Stoic concepts of ekpyrosis and diacosmesis are examined in light of later Platonic, Aristotelian and Epicurean critiques of Stoic determinism. Questions emerge out of this debate centered on the problem of evil. A series of theodicies are proposed ending in a later Stoic interpretation of the cosmic cycle that equates each phase of the cosmic cycle with an ethical one allegorized as periods of Satiety (Koros) and Dearth (Chresmosyne).
This essay argues that Knafo and Teschke fundamentally misread Brenner’s original contribution to the transition debate. They equate his rejection of trans-historical or trans-modal laws of motion with the notion that social-property relations do not have strong rules of reproduction that structure the actions of agents and give rise to ‘developmental patterns’ specific to each form of social labour. Knafo and Teschke’s critique of Brenner’s analysis of capitalist expansion and crisis is also theoretically and empirically questionable.
This multispecies ethnography investigates how free-roaming ponies and humans participate in the production of “pony wildness” on Assateague Island, a barrier island located off the U.S. mid-Atlantic coast. The bordering practices of ponies intersect with the bordering practices of people to generate a relational conception of pony wildness that incorporates in people-pony relations a desire for intimacy with respect for autonomy, in a multifunctional landscape managed both as wilderness and as a beach tourism destination. This notion of pony wildness includes nonhuman charisma, fluidity, and managing human visitors. We conclude by discussing how the fluidity of pony wildness can help us think more imaginatively about other contexts in which communities of free-roaming nonhuman animals share space with human communities.
This article is a response by the author to the contributions to the Historical Materialism symposium on Allegory and Ideology. The reply is framed in terms of the different theoretical strategies through which the articulation of ‘Marx’ and ‘Freud’ has been carried out, namely the precarious syntheses of Freudo-Marxism, the homological method pioneered by Lucien Goldmann, and the theory of allegorical levels and transcoding explored in Allegory and Ideology. It critically engages with the openings and challenges posed by the various contributions to the symposium, focusing in particular on matters of periodisation, and concluding with a reflection on how a theory of allegorical levels can be complemented by a materialist understanding of the ‘category’.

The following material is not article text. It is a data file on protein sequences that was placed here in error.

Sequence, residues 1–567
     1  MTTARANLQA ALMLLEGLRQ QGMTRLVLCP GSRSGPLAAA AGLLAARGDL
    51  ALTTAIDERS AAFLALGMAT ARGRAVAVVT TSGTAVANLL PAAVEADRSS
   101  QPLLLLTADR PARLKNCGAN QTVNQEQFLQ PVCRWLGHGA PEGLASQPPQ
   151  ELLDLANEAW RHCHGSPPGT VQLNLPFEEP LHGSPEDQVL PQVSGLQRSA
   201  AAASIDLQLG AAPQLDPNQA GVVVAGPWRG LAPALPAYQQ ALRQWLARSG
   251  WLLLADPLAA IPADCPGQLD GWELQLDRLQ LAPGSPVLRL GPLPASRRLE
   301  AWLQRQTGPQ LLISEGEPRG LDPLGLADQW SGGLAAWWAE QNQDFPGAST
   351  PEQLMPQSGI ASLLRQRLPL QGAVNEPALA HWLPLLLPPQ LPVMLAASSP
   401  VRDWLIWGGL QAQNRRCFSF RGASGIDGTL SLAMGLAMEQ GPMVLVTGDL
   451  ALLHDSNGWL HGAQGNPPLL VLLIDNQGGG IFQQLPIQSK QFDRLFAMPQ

This essay makes a case for teaching an interdisciplinary undergraduate course at the intersection of religion, ecology, and business. At a basic level, this approach gets students with diverse intellectual orientations and career interests in the same room; letting business and environmental studies majors work together on these questions fosters a variation on interfaith engagement. More deeply, it creates space for them to develop critical self-awareness about their own ethical commitments. The fact that no single instructor can be an expert in all three fields should not prevent us from stepping boldly into uncharted territory. The degradation of the earth is an interdisciplinary problem that requires interdisciplinary solutions, and each of us has something to contribute right now even if we cannot do it all. As teachers and lifelong learners, we can and must model intellectual humility even as we look for ways to take decisive individual and collective action.
An undergraduate course in religion is an ideal place to discuss climate change, and a key task in these classrooms should be teaching students to thoughtfully and critically engage narratives used to make sense of and respond to the issue. Debates about anthropogenic climate change depend upon broad stories about the nature of reality and the place of humans within it; scholars of religion can teach skills of rigorous analysis, thoughtful tolerance, contextual understanding, and critical thinking that will help students grapple with these narratives. Students who are trained to think this way gain skills to respond to the competing facts and despair that can all-too-often make talking and teaching about climate change difficult.
This article charts the major concepts, theoretical and methodological models, and approaches used by teachers and scholars of religion and food, with a focus on how such concepts may be embedded within courses on religion and nature. The article first introduces central topics such as foodways, the food cycle, and some key concepts within the cultural study of religion, nature, and food. Second, it notes how the study of religion, nature, and food requires drawing from the tools of food studies, religious studies, diet/nutritional studies, and cultural studies, among others. Finally, the article offers some best practices in terms of how to teach the topic, focusing on active learning strategies. The article proposes that because everyone eats, the topic of religion, nature, and food is a unique way to engage students, helping them think critically about an otherwise unexamined but pervasive aspect of life.